David Carrick: Investigations launched into Met Police handling of allegations against serial rapist
The Met Police is to be investigated by the police watchdog over concerns officers repeatedly failed to take action against serial sex offender David Carrick.
and live on Freeview channel 276
The Met Police is to be investigated by the police watchdog over concerns officers repeatedly failed to take action against serial sex offender David Carrick - despite multiple criminal allegations being made against him while he was a serving PC.
Initially, the Met conducted its own internal inquiry into the case and did not identify any conduct issues for officers involved in investigating Carrick. But the Independent Office of Police Conduct (IOPC) disagreed - invoking its rarely-used “power of initiative” to launch four separate investigations, involving eight officers and one other member of staff.
Carrick, 48, was in February sentenced to a minimum of 30 years and 239 days in prison. He pleaded guilty to 49 charges detailing no less than 71 serious offences - including rape, sexual assault, false imprisonment, and coercive or controlling behaviour - against 12 women, in deplorable offending which took place over almost two-decades.
All of his crimes were committed while he was a serving police constable, despite multiple allegations being made against him. The IOPC said if an allegation made by a former partner of Carrick back in 2002 had been properly looked into, he could have been sacked before beginning his series of vile attacks.
Other cases where Met Police officers are being investigated include the handling of a 2016 report of harassment and stalking, a 2019 report of Carrick attacking and dragging a woman out of his house, and a 2021 report of a woman being raped by Carrick. In each of these cases, misconduct investigations were started by the Met - but later failed to be progressed.
Something the watchdog has flagged as being of particular concern, and which will be looked into, was the fact Carrick’s name was twice removed from the Met’s system records. This means prior complaints against the ex-PC were not flagged when new ones were made.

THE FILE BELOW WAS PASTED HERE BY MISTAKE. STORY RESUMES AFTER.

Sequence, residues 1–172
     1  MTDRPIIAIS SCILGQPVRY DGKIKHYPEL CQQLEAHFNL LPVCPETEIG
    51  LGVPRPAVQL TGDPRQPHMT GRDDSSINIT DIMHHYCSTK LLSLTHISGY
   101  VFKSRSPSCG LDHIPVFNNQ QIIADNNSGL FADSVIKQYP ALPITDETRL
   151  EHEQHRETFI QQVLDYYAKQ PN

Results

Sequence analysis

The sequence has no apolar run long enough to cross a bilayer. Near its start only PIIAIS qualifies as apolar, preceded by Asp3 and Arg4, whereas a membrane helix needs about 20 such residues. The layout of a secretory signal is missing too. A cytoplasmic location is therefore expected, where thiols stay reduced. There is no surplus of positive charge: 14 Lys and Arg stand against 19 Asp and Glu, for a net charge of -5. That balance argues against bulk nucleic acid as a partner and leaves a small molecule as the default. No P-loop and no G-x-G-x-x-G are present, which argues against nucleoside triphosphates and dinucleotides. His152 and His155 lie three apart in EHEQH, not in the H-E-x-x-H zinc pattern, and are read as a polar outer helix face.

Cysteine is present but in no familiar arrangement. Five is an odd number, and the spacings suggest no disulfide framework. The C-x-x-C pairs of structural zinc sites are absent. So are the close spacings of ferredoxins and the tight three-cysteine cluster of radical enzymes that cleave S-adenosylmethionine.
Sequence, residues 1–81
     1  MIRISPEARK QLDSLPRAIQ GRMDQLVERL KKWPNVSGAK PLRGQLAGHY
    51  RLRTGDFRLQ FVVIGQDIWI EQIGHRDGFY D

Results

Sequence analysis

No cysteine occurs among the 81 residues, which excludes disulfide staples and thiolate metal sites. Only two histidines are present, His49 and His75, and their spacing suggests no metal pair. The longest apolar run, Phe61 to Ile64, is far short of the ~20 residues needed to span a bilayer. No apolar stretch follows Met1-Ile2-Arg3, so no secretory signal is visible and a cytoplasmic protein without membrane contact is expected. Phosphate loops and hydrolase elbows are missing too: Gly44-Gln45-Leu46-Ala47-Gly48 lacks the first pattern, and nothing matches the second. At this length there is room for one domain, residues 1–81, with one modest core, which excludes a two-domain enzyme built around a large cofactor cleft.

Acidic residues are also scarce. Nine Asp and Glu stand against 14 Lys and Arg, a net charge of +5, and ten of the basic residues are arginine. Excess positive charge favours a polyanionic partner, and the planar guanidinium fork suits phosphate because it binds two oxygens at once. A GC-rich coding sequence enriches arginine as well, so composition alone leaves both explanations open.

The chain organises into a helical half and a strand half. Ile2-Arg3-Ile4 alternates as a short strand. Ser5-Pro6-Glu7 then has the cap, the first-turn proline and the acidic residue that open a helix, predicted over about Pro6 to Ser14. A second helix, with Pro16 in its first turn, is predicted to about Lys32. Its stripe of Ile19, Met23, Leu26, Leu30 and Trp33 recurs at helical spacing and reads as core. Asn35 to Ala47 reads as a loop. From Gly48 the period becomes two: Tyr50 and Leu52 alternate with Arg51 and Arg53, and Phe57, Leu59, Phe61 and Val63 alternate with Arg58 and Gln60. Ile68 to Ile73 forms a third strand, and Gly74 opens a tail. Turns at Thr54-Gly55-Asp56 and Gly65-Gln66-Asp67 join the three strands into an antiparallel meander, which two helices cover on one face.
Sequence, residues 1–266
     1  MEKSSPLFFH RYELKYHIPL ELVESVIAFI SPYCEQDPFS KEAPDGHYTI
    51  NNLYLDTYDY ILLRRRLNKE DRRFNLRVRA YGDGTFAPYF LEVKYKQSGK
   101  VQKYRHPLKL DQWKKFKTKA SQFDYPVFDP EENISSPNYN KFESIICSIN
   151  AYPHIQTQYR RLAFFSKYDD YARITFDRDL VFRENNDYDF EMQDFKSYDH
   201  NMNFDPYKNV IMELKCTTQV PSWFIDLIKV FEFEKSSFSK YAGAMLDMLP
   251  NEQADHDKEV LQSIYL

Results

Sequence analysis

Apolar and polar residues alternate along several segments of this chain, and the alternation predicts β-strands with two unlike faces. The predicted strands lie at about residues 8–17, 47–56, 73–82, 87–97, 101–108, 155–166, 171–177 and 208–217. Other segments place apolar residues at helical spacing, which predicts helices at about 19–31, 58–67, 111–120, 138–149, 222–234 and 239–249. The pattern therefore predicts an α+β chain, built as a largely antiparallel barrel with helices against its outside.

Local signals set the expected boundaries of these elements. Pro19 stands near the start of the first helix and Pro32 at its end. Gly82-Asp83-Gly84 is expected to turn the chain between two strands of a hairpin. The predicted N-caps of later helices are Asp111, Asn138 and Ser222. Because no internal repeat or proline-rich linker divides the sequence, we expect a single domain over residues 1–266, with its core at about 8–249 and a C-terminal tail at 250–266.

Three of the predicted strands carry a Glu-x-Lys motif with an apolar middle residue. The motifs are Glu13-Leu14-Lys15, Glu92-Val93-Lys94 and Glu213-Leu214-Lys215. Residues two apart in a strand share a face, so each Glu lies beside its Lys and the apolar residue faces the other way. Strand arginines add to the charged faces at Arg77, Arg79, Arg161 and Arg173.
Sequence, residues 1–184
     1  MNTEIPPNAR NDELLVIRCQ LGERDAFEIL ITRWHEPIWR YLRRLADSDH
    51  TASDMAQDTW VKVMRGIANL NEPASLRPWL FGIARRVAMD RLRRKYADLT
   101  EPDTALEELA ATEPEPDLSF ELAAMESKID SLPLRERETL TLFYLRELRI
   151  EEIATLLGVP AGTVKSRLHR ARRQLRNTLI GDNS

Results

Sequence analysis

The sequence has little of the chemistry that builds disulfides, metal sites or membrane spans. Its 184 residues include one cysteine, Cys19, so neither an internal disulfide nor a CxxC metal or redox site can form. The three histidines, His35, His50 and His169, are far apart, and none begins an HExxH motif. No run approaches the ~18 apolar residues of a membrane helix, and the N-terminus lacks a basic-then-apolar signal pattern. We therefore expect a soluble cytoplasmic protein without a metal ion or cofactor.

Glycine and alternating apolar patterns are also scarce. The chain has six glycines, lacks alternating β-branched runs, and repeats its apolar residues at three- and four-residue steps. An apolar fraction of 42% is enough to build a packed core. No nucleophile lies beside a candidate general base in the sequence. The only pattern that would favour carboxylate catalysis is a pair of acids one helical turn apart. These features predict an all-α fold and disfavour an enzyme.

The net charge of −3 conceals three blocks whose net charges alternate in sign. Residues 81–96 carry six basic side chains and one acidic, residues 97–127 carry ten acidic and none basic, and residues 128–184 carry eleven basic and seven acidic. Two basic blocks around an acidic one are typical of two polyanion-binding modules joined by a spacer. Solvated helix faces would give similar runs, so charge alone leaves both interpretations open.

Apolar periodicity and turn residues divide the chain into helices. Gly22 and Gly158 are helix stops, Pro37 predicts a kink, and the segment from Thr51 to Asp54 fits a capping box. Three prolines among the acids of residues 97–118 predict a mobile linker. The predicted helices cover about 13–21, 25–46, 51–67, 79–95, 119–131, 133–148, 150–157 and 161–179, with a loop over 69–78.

The majority of the issues being investigated involve how Carrick was handled by the Met’s Department of Professional Standards (DPS). This is because many of the original criminal complaints made against him were initially handled by other forces, so the IOPC is instead looking into why the Met failed to pursue misconduct proceedings - which require a lower burden of proof.
IOPC regional director Mel Palmer, said: “We identified indications that some officers may have behaved in a manner which would justify disciplinary proceedings. Our review has identified repeated failures to progress conduct investigations when the Met’s DPS officers were advised that no further action was being taken by the forces carrying out the criminal investigations into Carrick.
“We were also deeply concerned to find that in respect of two of the cases, David Carrick’s name was removed from the MPS’s [Metropolitan Police Services’] system records after the criminal investigations were dropped. This meant that some prior allegations made against Carrick did not show up in the system when further allegations were later made, leading to MPS officers being unable to build a complete picture of his pattern of offending.
“These were potentially missed opportunities to pursue gross misconduct investigations against Carrick, which may have led to his dismissal years before he was eventually arrested.”
Commenting on the Met’s own internal inquiry into the Carrick case, which has now been contradicted by the IOPC’s investigations, Debaleena Dasgupta, a solicitor at the Centre for Women’s Justice who is acting for six victims of Carrick, said: “It raises questions about the quality and depth of their internal investigation and purported commitment to ensuring it does not happen again.”
In the wake of cases like Carrick or scandals such as the Casey Review - which was commissioned following the horrifying kidnap, rape, and murder of Sarah Everard by serving Met Police officer Wayne Couzens - Commissioner Sir Mark Rowley has repeatedly claimed he is committed to overhauling the force’s culture and investigating officers who do not meet its standards.
In a statement, the Met said it had written to the IOPC in January urging it to review its handling of Carrick, and welcomed the announcement of the investigation.
A Met Police spokesperson added: “We are absolutely committed to identifying and rooting out those who corrupt our integrity and have no place in policing. We welcome the important role that independent scrutiny has to play in improving our practices in this area.”